Heart failure risk may be tied to prescribed NSAID painkillers

Heart failure risk may be tied to prescribed NSAID painkillers

Prescription NSAID painkillers may be tied to a higher risk of heart failure, according to recent findings. Non-steroidal anti-inflammatory drugs (NSAIDs) were found to increase the risk of heart failure by 20 percent, based on the analysis of the medical history of 10 million patients. The risk also rises with the amount of NSAIDs taken.

Study author Andrea Arfe said, “Our findings — which focused only on prescription NSAIDs — might apply to over-the-counter NSAIDs as well. Although over-the-counter NSAIDs are typically used at lower doses and for shorter durations, they are sometimes available at the same doses as prescription NSAIDs and they may be inappropriately overused.”

The study only highlights an association between the use of NSAIDs and heart failure risk, but doesn’t imply causality.

NSAIDs work to decrease inflammation by blocking cyclooxygenase, an enzyme which comes in two forms. One form, COX-1, protects the stomach lining, while the other form, COX-2, is a result of injury or inflammation.

Traditional NSAIDs like Tylenol block both types of the enzyme, and that is why some people experience an upset stomach when taking these meds.

NSAIDs also cause sodium retention, and this is what concerned the doctors with regards to these medications contributing to heart failure.

Although NSAIDs are effective at reducing pain, patients should be made aware of the risk they pose on the heart. For that reason, it’s important that you speak to your doctor if you do take NSAIDs regularly and monitor your heart health to ensure it is healthy or spot any changes early on.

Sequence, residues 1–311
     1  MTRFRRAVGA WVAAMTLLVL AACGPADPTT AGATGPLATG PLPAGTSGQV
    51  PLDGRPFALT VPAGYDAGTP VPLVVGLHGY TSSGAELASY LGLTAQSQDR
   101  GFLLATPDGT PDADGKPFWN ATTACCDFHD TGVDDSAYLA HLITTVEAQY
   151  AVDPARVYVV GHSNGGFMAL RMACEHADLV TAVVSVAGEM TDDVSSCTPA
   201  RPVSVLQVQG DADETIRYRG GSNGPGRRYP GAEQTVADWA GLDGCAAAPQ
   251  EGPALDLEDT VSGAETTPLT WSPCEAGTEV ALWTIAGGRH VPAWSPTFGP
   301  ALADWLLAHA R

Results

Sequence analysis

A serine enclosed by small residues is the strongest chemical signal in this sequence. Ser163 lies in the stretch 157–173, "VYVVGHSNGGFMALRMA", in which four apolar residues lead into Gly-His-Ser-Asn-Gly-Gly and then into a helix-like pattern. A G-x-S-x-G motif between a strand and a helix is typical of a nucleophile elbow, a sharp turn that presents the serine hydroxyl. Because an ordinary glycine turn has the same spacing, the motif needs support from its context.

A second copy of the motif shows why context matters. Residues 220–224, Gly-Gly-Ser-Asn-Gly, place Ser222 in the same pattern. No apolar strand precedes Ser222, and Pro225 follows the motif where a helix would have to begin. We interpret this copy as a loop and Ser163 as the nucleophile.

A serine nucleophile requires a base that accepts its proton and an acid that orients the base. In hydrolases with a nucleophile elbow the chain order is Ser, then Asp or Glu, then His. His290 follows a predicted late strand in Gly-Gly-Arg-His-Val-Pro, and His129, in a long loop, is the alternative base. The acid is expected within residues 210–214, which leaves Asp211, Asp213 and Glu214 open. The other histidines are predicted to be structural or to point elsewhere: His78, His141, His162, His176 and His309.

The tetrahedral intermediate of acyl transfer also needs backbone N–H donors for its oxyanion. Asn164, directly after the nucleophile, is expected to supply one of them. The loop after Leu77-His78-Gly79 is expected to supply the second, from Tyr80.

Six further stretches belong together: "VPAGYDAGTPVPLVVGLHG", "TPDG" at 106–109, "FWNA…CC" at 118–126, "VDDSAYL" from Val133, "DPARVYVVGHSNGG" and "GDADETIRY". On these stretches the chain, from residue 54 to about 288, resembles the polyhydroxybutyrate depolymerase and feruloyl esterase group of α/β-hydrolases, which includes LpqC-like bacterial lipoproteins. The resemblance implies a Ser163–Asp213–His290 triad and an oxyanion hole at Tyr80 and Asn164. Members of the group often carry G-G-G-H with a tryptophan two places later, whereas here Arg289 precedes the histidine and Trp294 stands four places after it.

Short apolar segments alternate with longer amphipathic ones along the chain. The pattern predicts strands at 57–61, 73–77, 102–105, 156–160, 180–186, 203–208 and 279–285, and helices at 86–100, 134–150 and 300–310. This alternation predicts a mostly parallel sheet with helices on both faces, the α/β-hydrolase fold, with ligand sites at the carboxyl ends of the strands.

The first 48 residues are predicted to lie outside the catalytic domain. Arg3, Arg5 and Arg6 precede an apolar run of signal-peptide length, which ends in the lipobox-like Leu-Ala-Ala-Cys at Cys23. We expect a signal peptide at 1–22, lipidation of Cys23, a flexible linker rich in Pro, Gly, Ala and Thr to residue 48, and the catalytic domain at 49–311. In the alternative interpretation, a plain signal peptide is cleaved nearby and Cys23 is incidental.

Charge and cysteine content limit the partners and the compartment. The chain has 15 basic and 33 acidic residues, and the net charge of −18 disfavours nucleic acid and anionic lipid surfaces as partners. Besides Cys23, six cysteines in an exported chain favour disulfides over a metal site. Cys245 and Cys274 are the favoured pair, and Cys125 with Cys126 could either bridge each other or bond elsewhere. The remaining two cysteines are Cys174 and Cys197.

Author Bio

Mohan Garikiparithi got his degree in medicine from Osmania University (University of Health Sciences). He practiced clinical medicine for over a decade before he shifted his focus to the field of health communications. During his active practice he served as the head of the Dept. of Microbiology in a diagnostic centre in India. On a three-year communications program in Germany, Mohan developed a keen interest in German Medicine (Homoeopathy), and other alternative systems of medicine. He now advocates treating different medical conditions without the use of traditional drugs. An ardent squash player, Mohan believes in the importance of fitness and wellness.

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http://www.bmj.com/content/354/bmj.i5163

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